My friend told me, „I‟m not feeling safe. I am stressed and have depression. I am scared of the future and I‟m alone and nobody. I think also that God forgot me... I feel like all of the world has died and I am the only person left, waiting to die.‟

Although human resources and the capacity for survival play a central role in the ability of refused asylum seekers to cope with destitution, this capacity is influenced by external factors. For many of those who participated in the research, the existence of refugee and

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migrant communities from their country and/or region of origin play a significant part in shaping future possibilities. Those communities which have been in South Wales the longest have the best knowledge of local and bureaucratic systems, and have strong community leaders. They can organise themselves well, have good access to information, and are therefore in a better position to provide support to destitute people. However, different groups of asylum seekers feel that they are treated differently from others. Many of those from Sub-Saharan Africa described feeling as though they always „come last‟ and that they are treated negatively due to their skin colour, not only by local people and officials but also by other asylum seekers and refugees as well as established community groups.

6.2

Gender differences in access to resources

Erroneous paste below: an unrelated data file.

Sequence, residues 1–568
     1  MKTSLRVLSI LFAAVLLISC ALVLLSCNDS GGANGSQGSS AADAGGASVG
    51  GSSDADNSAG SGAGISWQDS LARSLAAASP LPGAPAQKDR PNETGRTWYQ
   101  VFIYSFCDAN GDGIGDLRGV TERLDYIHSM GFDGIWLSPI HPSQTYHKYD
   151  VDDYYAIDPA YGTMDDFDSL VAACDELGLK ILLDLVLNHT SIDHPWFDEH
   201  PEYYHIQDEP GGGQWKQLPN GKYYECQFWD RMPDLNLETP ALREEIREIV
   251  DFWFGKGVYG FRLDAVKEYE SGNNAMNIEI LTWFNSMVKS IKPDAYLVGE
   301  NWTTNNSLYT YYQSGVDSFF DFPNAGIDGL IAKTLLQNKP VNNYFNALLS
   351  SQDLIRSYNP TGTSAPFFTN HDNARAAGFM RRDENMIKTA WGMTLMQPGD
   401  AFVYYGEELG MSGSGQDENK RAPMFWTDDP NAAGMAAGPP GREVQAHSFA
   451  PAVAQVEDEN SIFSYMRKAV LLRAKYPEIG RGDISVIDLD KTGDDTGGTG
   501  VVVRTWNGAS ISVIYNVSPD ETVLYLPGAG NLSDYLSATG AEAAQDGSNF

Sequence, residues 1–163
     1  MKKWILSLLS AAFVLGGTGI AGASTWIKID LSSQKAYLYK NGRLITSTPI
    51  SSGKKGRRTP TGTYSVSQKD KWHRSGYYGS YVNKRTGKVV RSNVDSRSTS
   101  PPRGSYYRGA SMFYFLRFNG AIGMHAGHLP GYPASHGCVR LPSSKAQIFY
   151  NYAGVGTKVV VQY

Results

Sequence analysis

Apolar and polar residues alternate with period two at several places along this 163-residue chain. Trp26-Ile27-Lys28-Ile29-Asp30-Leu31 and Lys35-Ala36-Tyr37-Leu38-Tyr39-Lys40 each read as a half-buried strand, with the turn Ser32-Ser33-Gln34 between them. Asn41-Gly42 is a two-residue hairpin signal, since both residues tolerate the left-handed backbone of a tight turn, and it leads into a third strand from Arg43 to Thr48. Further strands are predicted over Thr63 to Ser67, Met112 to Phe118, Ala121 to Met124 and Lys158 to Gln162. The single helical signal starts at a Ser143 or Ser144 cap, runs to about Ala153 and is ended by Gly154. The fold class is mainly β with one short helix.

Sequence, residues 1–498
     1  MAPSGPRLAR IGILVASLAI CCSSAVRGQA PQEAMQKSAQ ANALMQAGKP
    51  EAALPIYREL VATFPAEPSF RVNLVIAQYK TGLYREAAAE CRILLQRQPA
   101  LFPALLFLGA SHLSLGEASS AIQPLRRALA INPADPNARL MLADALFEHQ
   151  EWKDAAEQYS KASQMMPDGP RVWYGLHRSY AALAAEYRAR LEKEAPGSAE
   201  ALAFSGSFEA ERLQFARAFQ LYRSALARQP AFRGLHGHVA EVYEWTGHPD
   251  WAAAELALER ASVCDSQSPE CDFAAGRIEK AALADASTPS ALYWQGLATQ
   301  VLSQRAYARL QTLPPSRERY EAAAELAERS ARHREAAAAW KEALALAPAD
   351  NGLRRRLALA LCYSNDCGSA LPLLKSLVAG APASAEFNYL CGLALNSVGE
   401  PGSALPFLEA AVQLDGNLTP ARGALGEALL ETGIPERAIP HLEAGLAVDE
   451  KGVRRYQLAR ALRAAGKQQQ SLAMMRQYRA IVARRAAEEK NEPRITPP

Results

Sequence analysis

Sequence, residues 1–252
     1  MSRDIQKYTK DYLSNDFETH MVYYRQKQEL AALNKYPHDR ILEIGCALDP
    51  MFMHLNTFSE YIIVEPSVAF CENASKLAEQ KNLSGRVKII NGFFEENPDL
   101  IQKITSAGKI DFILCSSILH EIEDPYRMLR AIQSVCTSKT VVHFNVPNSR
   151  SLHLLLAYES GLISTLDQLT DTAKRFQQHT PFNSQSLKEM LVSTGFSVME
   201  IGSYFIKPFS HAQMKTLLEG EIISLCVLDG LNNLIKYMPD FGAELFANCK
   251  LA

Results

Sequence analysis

Gender is an important factor in determining the survival and livelihood strategies employed to cope with the threat of destitution and accompanying risks and vulnerability. The difference that gender makes is not, however, straightforward. There was no clear consensus among the respondents about differences in experiences between men and women whose claims had been refused and who face destitution (see section 2.2). Some argued that men were better equipped to go out and find work and make friends, while women were more likely to have to stay at home looking after children. Some said that men were better able to cope with sleeping on sofas and floors, and the corresponding lack of privacy. Others said that it was easier for women without money to find a boyfriend to support them. Because gender norms in most parts of the world encourage men to feel that they should provide for their partner and family, men may find it particularly disempowering and emasculating to be dependent on women. Issues around privacy in shared accommodation are often said to be more difficult for women, and for Muslim women in particular who do not feel it is appropriate to stay with men (aside from close relatives or their husbands) on their own. Several peer researchers suggested that it could be harder for men to cope with the psychological stress of destitution, as men tend to „burn themselves inside‟ and not talk about their problems, whereas women were said to discuss their problems more openly with friends. In terms of livelihood strategies, the evidence presented in section 5 suggests that women are more likely than men to be involved in commercial sex work. Although this kind of work may provide some of the highest economic returns, it also presents the greatest risks of all the livelihood strategies, in terms of the risk of sexually transmitted infections (STIs), including HIV, and of gender-based violence. In other forms of transactional relationship, women are also at much greater risk of coercion, entrapment and violence. While men may not be particularly comfortable in sexual relationships that they perceive to be purely pragmatic and for the purposes of survival, there is no evidence that they are physically abused, sexually exploited, or forced to stay against their will (although they may feel forced to stay through lack of alternative options). By contrast, there are numerous stories of women in this position. The experiences of some of these women are discussed further, below (see section 6.6).